EDITORS’S INTRO: With millions of registered freelancers, and over 100,000 gigs on offer at any one time, Upwork is the biggest and best-known marketplace for online freelance work. But there are plenty of other sites like Upwork, all of which can provide you with alternative sources of work.
This is particularly relevant at the time of writing, when changes to Upwork’s fee structure are causing some freelancers to turn away and look for Upwork alternatives. With this is mind, I decided it was a perfect time to commission an article listing some other sites like Upwork. You should find it useful – whether you’re defecting from Upwork, or simply want some additional places to find freelance work.
I shall hand over to Michelle, who will provide you with ten useful Upwork alternatives.
One of the biggest headaches of being a freelancer is figuring out where to find a steady stream of clients. When you look for places to source them, Upwork tends to pop up as the go-to place. It comes up on the top of the search results, and is mentioned in what feels like every freelance article.
It’s also – unsurprisingly – the site nearly everyone in the online freelance industry seems to try out when they’re starting out. There’s nothing wrong fundamentally wrong with Upwork – besides some inevitable low-paying clients, potential scams and high fees. It’s fair to say that many people do earn good money and build a strong client base there.
But Upwork isn’t the only place to find customers. As a freelancer, it always makes sense to diversify where and how you find your clients. You never know when one site could change their service terms or even disappear entirely. Working through multiple sites gives you access to a wider variety of clients. So, without further ado, here are 10 sites like Upwork, to provide you with some good alternatives.
Alternative Sites Like Upwork
PeoplePerHour is another well-known site in the freelance world. It’s a similar platform to UpWork, and people often have similar complaints about high-fees and dodgy clients. Contrary to the name, PPH offers both hourly and “per project” gigs.
The system uses artificial intelligence to match freelancers with projects that suit their skill set. This makes it a good generalist site for people who offer multiple services, since the site claims to provide clients with freelancers who are “experts in every skill imaginable.”
Like Upwork, with PPH you provide proposals on projects and quote your desired fee. The client places a deposit on the project and then pays in full upon completion, all through the site. The money is protected in escrow until the client releases it.
Project streams on the site also allow for open communication and project management directly through the platform. As with Upwork, clients rate your work and produce reviews, which then appear on your profile and form part of your online reputation as a freelancer.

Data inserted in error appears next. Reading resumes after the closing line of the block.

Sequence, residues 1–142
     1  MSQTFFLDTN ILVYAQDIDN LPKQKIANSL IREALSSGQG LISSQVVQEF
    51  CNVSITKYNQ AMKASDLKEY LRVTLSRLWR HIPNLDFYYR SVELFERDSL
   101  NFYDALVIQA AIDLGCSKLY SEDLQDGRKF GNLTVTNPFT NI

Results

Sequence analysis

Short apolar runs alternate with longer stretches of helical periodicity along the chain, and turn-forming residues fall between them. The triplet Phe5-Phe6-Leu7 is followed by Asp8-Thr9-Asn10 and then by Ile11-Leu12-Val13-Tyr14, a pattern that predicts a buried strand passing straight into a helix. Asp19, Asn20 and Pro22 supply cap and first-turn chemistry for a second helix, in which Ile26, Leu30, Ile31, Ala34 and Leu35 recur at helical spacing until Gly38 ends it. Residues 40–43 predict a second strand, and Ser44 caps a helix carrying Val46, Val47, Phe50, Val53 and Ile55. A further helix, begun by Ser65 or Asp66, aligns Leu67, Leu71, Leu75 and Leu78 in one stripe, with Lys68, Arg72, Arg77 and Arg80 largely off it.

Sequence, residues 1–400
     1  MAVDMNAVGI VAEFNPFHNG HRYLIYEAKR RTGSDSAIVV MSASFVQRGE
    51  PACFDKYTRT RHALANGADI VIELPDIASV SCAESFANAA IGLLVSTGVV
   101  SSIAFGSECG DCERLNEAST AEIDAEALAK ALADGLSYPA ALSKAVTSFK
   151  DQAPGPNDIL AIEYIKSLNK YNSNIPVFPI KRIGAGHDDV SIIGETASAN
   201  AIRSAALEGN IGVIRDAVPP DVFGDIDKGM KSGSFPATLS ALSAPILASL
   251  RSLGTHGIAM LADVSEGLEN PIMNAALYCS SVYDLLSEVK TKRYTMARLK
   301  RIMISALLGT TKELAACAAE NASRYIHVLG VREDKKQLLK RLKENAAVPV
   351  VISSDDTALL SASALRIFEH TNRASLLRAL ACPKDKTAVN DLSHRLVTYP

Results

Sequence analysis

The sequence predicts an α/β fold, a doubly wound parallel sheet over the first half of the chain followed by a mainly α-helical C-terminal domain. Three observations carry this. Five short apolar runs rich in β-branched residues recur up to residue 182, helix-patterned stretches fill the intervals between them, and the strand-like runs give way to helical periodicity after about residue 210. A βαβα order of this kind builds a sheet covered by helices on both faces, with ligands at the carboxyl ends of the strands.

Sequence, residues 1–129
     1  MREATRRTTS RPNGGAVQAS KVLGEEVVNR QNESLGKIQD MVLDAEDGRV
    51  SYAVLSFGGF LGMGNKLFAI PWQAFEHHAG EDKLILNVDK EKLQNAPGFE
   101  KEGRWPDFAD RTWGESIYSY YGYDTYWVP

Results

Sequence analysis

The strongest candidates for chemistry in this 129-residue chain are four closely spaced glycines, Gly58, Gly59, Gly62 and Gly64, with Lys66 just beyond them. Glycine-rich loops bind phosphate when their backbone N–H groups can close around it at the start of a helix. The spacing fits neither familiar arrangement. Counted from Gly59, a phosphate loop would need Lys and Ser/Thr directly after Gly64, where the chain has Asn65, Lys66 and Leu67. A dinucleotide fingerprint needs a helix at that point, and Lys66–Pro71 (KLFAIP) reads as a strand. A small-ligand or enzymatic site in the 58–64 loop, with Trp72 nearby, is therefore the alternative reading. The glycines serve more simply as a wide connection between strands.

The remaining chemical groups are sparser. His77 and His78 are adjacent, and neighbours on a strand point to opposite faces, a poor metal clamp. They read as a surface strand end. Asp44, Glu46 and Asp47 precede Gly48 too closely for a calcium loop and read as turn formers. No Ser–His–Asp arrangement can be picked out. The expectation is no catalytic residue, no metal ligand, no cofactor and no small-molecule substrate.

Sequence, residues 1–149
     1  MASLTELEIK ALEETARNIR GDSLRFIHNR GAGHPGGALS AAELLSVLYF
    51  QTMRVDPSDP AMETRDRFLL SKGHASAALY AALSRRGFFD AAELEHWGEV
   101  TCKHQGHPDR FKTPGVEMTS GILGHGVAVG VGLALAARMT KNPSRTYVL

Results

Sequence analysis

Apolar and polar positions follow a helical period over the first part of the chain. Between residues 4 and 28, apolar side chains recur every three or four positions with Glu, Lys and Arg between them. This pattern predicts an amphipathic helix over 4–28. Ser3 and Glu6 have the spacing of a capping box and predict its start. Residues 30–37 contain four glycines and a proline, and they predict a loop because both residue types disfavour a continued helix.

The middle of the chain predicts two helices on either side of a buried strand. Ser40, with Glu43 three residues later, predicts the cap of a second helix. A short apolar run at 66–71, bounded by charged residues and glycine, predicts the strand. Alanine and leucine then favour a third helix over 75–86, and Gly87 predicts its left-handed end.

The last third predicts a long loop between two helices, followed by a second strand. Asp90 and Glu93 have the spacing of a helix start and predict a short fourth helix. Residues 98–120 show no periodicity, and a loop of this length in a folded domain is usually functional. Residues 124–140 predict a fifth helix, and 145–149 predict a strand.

In you want more info, we have a detailed report of PeoplePerHour from someone who works regularly on the platform.
Freelancer.com is another of the jobs sites like Upwork that works as a bidder site. You set up a profile and list your skillsets.
To find a job, you search the system yourself. However, you can set up filters, saved searches and alerts so that the right projects effectively present themselves to you. Transactions go through the system and are secured via encryption.
When you see a project you like, you make a bid for it, defining the price yourself. You can find fixed price and hourly rate jobs
As with most big freelance platforms, high fees, fake projects and clients who are unwilling to pay for quality are all hazards you will need to be wary of.
Another one of the popular sites like Upwork that operates on a bidder system, on Guru it’s free to create a freelancer account. You create a profile, jobs get posted to the site, and you submit your price quotes to the open jobs you are qualified for.
When someone accepts your bid, you create what is called an “agreement” in the system. This dictates payment terms. You can be paid by hour, by task, in milestones, or even using recurring payments. Payment happens securely through the system, with the ability to confirm when a project is funded.
The guru.com payment system is a little convoluted. It’s not a simple case of Guru taking a percentage of your earnings. (Although it’s fair to say that with Upwork’s 2019 fee changes, Upwork is beginning to use a similar model).
It’s free to use Guru, and you get 10 job bids per month. Then there are various pricing structures if you want more bids, from $10 for 20 bids to $100 for 250 bids. There is also a job fee, where 4.95-8.95% is taken from your project payments. This is notably lower than Upwork’s highest 20% rate. You can see more about Guru’s costs here.
If you like the idea of performing small one-off tasks, then Fiverr is the popular place to be. It is one of the best-known Upwork alternatives. People do increasingly use Fiverr to offer larger (high value) services too. Freelancers use the site to deliver everything from voiceover work to design to data entry. If you can do it, you can offer it as a service.
You set up an account for free, define what you do and then get notified when people submit an order. When someone contacts you, you can communicate directly through the system, as with Upwork.
Payment gets transferred to you when each order is completed. The name Fiverr is a little misleading these days, as you can set the price for each of your services to anything between $5 and $995, and also offer different versions of services at different prices.